If you're one of those people who absolutely can't stand the sound of accordions you should come back on Monday. For everyone else, Swampland Jewels is the jam you've been waiting (or re-waiting) for. YepRoc has just reissued this compilation of cajun music, zydeco, rock'n'roll, and rhythm and blues of the 50s and 60s. If you haven't spent much time with the genre, here's your shot.
I was first introduced to it from some compilation CD my mom bought at a tacky store in the French Quarter when I was a kid. And while I'll freely admit that my love for New Orleans is in fact for a romanticized vision of the city, my affection for Cajun music is real. When I went to Jazz Fest two years ago I teared up a little when I got to see BeauSoleil perform some of my favorites from that tourist bait album.
For a lot of people out there this music represents a key aspect of their identities which I don't feel equipped to speak to. To me, the songs are "cheery." What I enjoy most about the music is the amorphous boundaries between the different genres. As I've discussed, the 50s and 60s saw the creation of rigid racial boundaries between specific genres of music, particularly by cordoning off rock'n'roll and country to a "whites-only" purview. These songs represent a short moment before that velvet rope became an iron wall, and the music is better off for it.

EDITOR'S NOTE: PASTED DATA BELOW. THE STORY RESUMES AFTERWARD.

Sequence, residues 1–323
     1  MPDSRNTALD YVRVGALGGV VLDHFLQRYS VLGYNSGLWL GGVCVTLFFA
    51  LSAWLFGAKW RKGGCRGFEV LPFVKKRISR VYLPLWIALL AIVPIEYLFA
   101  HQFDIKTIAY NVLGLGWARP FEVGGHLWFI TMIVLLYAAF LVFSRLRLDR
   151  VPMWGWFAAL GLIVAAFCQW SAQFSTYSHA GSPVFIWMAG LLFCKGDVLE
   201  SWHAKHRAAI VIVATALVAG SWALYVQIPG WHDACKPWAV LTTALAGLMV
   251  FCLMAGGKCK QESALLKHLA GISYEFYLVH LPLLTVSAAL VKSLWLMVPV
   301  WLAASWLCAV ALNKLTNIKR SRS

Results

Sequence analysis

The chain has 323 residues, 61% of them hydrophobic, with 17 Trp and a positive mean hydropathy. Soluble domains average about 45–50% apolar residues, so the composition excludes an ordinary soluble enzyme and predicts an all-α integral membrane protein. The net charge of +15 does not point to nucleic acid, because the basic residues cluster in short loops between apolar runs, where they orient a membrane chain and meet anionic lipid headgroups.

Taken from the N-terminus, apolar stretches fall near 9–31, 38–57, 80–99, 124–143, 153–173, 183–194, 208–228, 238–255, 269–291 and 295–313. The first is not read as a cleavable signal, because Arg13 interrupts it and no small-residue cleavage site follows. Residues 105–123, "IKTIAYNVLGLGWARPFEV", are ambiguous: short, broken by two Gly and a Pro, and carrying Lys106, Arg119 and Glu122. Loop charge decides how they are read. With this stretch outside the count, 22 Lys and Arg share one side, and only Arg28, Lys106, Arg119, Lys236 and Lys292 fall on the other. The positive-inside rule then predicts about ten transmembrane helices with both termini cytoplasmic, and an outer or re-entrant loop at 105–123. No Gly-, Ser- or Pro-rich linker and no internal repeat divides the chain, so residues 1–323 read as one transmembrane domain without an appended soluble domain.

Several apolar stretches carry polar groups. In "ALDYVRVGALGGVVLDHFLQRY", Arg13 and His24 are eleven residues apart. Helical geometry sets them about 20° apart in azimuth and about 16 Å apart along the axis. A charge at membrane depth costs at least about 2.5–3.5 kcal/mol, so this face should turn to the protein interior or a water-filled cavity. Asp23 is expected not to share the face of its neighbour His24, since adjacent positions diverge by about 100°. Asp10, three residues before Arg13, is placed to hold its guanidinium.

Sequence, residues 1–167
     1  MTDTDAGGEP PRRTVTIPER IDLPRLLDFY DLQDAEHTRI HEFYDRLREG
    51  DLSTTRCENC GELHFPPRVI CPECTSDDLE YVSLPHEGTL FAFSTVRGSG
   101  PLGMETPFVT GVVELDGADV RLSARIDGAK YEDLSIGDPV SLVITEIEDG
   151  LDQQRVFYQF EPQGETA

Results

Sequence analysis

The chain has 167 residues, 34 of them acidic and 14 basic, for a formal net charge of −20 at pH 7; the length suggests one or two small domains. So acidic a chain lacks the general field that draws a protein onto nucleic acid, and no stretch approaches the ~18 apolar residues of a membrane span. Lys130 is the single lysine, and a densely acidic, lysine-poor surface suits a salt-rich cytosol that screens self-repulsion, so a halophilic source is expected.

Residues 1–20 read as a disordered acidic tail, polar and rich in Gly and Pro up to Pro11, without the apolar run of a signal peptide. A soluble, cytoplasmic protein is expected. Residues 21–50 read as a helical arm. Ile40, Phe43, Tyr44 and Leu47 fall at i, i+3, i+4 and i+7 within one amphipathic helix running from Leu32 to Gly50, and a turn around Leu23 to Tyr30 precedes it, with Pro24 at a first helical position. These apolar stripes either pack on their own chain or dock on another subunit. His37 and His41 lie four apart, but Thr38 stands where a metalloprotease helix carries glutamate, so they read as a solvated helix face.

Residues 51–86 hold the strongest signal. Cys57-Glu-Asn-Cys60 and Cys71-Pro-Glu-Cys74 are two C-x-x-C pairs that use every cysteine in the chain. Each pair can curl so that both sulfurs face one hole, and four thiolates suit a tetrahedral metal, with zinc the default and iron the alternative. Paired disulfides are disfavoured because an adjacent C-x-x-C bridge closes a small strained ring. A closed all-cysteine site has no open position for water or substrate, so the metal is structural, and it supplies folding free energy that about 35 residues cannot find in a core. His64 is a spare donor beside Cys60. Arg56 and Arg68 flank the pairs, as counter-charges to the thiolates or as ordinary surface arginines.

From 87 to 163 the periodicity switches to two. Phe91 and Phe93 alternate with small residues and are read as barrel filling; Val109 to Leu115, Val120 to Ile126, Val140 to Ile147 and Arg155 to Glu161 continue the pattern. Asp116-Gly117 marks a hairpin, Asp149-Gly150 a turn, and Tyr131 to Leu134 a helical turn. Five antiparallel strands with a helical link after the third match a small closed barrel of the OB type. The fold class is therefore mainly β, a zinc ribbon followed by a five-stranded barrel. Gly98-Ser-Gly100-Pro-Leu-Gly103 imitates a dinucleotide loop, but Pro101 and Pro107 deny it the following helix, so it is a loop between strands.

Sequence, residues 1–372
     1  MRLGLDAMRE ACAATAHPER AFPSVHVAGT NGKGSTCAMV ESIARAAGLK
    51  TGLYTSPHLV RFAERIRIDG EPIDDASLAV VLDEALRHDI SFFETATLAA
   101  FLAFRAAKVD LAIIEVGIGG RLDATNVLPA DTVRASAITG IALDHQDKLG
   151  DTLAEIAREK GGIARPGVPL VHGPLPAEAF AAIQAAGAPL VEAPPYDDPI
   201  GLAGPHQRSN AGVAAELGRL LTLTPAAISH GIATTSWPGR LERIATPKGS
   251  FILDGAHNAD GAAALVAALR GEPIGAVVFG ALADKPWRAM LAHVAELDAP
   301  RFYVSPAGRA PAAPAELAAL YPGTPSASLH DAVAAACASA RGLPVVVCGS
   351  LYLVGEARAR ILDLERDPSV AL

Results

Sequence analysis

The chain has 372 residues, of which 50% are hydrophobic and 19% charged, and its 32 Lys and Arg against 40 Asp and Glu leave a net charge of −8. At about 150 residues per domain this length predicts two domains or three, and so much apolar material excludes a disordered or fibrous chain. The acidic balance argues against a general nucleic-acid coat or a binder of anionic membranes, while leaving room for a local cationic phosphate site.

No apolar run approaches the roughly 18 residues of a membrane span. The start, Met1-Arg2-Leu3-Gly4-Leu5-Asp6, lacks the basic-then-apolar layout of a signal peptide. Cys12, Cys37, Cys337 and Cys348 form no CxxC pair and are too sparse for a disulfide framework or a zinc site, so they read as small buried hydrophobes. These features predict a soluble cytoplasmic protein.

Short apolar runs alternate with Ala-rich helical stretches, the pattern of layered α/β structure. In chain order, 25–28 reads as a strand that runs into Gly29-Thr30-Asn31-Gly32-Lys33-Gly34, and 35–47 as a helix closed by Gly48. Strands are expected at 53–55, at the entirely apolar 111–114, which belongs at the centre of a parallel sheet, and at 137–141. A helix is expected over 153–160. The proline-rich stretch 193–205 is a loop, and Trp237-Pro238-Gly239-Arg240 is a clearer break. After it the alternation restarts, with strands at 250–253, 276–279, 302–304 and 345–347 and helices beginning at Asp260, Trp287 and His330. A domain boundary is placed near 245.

That being said, the music is from half a century ago and there are some themes that I don't love. ("Yard Dog" is about what the singer "ought to do" to his gal pal for being "smart".) And certainly the boundaries I described didn't come without a heavy price in the music world and other venues.
Purchase from YepRoc here.